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How to talk to kids about the coronavirus

By Patrisha Tatum

Licensed Master Social Worker

Patrisha Tatum has provided social work services and counseling for girls in Bethel's residential programs since 2016 and previously worked at Siskin Hospital. She earned her BSW at Freed-Hardeman University and her MSSW from the University of Tennessee, with an emphasis on Trauma. Trisha interned at Tennessee Community Service Agency, Bradford Health Services, and Jackson Co. General Hospital.


Three tips for calming fears and making the most of this time together

A recent post on Twitter from a dad really touched my heart. He said his child woke him up in the middle of the night because she was afraid he was sick and might die from COVID-19.  Wow.  Kids and teens are hearing a lot of information right now and may need help processing it. Here are three tips for having important discussions and creating fun with structure during this unexpected time at home.

 

1. Keep calm and be factual

There is nothing better for an anxious person than a calm person.

A good example of this is me during a storm. I hate spring because that is tornado season in the south. When a storm comes I am usually checking the weather every few minutes and I ALWAYS have a local meteorologist on the live stream.

Something that helps me a lot during these times is looking over and seeing my husband just relaxing and going about his business. It always amazes me how calm he can be during the loudest thunderstorms. It barely fazes him at all. This helps me keep my anxiety about the situation under control.

So when you talk to your kids about the virus stay calm. Give them the facts that you think they can handle according to their age and maturity. For younger children you might just explain that there are a lot of people getting sick and in order to keep the family healthy you are going to have to take some time off school and work to stay home and do some activities.

For teens, you might have to go into more detail. Be sure to answer their questions as honestly as you can.

 

2. Give accurate and relevant information about COVID-19

Keep your kids informed on what you’re doing in order to keep the family safe.

Teach them about washing hands and not touching your face. There are some really cool experiments you can do at home to teach younger kids the importance of washing your hands.

Also, make sure to inform your children about what life might look like for the next few weeks.

Will some adults in the home be working from home or still leaving? Will the family take trips to the park or isolate at home completely? There is a lot of unknown in the world right now so the less unknown in the home the better.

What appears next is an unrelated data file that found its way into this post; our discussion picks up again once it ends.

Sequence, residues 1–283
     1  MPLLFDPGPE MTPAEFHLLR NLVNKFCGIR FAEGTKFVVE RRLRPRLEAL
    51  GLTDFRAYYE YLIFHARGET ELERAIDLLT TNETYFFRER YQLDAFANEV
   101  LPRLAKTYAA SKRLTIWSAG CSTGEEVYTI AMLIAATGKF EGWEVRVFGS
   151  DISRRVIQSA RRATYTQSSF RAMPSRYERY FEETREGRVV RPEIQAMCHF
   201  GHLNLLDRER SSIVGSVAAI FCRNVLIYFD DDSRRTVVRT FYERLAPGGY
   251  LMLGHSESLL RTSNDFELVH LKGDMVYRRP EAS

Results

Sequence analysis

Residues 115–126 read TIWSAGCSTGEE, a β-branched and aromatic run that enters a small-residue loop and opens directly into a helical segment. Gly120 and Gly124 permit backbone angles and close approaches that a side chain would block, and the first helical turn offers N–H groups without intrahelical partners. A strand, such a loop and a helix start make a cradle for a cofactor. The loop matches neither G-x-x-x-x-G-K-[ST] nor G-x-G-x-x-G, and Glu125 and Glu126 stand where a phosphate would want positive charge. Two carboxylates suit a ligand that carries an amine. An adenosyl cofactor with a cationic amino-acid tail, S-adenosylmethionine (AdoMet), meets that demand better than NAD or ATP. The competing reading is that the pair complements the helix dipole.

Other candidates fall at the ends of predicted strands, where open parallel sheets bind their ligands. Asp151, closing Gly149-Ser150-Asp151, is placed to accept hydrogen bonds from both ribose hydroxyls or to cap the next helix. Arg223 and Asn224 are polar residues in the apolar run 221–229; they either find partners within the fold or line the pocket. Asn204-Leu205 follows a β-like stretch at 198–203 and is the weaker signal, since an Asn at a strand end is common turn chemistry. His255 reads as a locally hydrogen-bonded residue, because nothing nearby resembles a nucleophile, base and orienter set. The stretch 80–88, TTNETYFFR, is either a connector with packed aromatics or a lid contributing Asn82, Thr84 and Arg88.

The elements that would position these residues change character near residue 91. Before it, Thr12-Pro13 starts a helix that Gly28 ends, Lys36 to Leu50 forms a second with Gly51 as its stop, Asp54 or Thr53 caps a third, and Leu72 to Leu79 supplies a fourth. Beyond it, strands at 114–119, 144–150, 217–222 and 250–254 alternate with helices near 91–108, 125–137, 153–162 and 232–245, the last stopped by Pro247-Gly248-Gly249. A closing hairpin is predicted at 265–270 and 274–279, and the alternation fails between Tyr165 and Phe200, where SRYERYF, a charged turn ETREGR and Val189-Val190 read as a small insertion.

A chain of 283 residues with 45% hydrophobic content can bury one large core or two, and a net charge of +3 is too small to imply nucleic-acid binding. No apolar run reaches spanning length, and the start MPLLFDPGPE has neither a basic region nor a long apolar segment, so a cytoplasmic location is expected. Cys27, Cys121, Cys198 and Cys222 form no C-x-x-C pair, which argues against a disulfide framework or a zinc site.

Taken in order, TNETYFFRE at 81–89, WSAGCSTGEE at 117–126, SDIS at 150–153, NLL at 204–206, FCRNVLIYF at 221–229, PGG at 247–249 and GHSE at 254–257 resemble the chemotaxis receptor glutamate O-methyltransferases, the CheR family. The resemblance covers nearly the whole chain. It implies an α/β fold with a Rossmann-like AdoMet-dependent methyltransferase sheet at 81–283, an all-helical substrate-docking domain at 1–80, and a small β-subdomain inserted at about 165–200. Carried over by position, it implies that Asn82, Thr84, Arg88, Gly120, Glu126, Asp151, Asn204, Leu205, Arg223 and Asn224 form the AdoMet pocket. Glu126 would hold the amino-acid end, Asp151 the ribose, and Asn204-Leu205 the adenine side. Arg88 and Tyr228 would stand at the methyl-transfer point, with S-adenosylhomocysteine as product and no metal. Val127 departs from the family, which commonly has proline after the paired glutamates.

Be sure to monitor what your kids are reading on the internet about the virus. There is a lot of misinformation out there and some of it is scary. Some people posted that if you gargle with bleach it will keep you from getting the virus. Bleach is poison! That is not a good plan.

Show your older kids and teens the CDC website. Teach them how to refer to credible sources for information.

 

3. Create structure and fun at home

Create a structured routine for your kids at home to help them to feel safe and get their minds off everything that is going on.

Make sure you get them up at the same time every morning and put them to bed at the same time every night. If you have younger children who normally take naps at daycare or preschool make sure they get their normal nap in.

This can help reduce frustration and irritability in the home.

Some moms are making snack boxes to stop their kids from eating all day. You put out a box or crate for each child and put their snacks for the day in them. Once they run out they do not get anymore snacks for that day.

This gives them some control over their own decision making throughout the day but also makes sure you’re not eaten out of house and home on day one.

When creating this structure, make sure to throw in fun activities.

Enjoy some time with your family that you might not have enjoyed before. Encourage the kids to play outside and get fresh air or build a blanket fort in the living room. In the midst of a challenging time, you can actually create positive memories.

This is also a good time to pray together and remind your children that God loves them. These five Bible verses are good ones to share.

 

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